Women, the workforce, resources and violence: getting PNG companies to respond
By Linda Van Leeuwen and Ashlee Betteridge
Dr Linda Van Leeuwen is a Capacity Building Specialist for Anitua, a landholder company based on the island of Lihir in Papua New Guinea that provides a wide range of services to resource companies. She also heads their corporate social responsibility work, predominantly focused on eliminating violence against women (EVAW). Linda has also been involved heavily with the PNG Business Coalition for Women, as a founding board member and chair of its addressing violence working group.
During her recent visit to Australia as part of the ANZ PNG gender parity symposium, Linda discussed the challenge of gender violence for businesses operating in Papua New Guinea, and the steps that businesses, particularly in the resource sector, could take to assist their staff and wider communities. The following is an edited transcript of her conversation with Ashlee Betteridge – you can listen to a podcast here.
Ashlee: What has driven Anitua’s focus on EVAW?
Linda: The main starting point was our involvement with the national Haus Krai two years ago. We were really touched emotionally by the women’s stories. So we started to think about what we could do as a business to make our workplaces safer for women. And also looking at the broader community, because Lihir is our birthplace, and we wanted to support the people, the women, and the families of Lihir … When you look at statistics, roughly 70 percent of PNG women suffer violence, including sexual violence. And as a manager, or leader, or someone who cares about staff, you’ve got to ask yourself the question, is it acceptable? Can we tolerate, or can we afford to ignore, the fact that 70 percent of our female workforce are suffering violence?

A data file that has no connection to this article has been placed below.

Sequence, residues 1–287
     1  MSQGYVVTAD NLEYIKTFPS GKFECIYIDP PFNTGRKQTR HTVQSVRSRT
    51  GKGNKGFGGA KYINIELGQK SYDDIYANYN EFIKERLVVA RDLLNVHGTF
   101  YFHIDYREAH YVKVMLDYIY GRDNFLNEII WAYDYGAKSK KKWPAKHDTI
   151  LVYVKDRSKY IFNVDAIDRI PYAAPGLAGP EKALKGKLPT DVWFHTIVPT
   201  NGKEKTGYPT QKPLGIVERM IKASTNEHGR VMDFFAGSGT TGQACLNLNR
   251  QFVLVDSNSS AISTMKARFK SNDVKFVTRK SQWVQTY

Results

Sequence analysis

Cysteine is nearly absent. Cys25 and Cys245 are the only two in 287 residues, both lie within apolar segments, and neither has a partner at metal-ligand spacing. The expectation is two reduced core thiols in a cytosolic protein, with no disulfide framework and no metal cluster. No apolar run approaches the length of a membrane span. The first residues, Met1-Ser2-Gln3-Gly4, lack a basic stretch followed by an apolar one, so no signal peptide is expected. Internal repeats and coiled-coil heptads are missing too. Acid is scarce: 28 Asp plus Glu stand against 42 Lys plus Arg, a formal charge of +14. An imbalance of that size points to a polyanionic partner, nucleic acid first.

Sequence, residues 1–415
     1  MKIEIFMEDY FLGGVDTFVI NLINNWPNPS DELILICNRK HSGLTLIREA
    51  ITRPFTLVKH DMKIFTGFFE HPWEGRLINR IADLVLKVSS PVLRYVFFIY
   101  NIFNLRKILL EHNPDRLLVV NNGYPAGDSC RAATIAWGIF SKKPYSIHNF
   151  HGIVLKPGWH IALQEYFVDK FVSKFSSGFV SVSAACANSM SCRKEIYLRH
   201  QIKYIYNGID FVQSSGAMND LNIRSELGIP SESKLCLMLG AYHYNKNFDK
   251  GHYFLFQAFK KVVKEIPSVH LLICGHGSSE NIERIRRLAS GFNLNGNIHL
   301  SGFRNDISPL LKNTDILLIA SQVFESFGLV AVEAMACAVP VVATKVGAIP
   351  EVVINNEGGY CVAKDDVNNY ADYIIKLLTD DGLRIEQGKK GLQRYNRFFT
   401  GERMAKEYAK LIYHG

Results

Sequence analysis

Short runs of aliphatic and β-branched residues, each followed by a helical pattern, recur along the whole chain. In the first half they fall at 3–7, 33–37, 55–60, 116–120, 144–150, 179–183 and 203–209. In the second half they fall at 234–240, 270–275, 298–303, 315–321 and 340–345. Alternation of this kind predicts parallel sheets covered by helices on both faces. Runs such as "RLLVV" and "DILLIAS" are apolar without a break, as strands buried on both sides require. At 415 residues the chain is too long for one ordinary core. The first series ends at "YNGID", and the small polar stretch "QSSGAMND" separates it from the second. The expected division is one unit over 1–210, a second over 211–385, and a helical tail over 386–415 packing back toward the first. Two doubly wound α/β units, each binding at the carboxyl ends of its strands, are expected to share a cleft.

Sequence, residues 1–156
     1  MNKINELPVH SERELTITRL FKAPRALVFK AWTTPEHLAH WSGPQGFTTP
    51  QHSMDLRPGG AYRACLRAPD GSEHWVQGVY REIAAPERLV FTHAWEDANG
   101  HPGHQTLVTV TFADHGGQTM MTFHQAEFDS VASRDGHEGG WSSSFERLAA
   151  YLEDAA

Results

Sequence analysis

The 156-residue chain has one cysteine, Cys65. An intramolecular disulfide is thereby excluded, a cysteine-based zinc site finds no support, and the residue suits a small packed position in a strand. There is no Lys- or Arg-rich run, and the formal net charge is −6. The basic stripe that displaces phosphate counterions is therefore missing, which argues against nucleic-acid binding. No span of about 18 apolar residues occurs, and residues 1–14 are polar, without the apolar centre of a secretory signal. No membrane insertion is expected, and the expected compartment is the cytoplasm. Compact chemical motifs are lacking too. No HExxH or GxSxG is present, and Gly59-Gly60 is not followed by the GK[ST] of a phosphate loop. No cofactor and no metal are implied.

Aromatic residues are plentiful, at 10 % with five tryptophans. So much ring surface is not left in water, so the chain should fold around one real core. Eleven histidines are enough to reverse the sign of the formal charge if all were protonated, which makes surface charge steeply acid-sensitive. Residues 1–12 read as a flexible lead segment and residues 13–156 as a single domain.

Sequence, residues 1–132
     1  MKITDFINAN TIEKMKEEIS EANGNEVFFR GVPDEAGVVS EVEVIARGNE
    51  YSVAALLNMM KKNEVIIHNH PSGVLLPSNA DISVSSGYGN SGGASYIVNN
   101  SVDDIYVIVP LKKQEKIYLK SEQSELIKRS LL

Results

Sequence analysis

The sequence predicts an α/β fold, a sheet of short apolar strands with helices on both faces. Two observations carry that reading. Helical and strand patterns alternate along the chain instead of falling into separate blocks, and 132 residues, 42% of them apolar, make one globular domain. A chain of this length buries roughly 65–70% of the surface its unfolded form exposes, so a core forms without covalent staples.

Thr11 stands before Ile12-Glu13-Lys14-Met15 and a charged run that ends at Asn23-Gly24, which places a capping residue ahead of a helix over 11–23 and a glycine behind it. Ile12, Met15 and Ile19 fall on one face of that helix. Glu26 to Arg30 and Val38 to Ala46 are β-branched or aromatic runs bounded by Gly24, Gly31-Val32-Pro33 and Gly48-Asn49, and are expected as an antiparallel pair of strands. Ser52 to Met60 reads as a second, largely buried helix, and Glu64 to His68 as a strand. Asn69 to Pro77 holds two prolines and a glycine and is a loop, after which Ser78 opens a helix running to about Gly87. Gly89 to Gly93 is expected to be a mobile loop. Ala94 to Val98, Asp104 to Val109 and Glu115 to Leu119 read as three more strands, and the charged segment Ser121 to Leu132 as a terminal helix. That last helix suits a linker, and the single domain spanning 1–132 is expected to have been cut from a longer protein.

Our answer to that is it’s absolutely unacceptable. We need to address it.
Ashlee: Through your involvement with the Business Coalition for Women, are more parts of the PNG private sector starting to realise how violence affects their business?
Linda: Yes, the Business Coalition was formed in recognition that women in PNG do suffer. But also because there is a great business case for employing more women; empowering, developing, training, promoting those women, and also protecting women.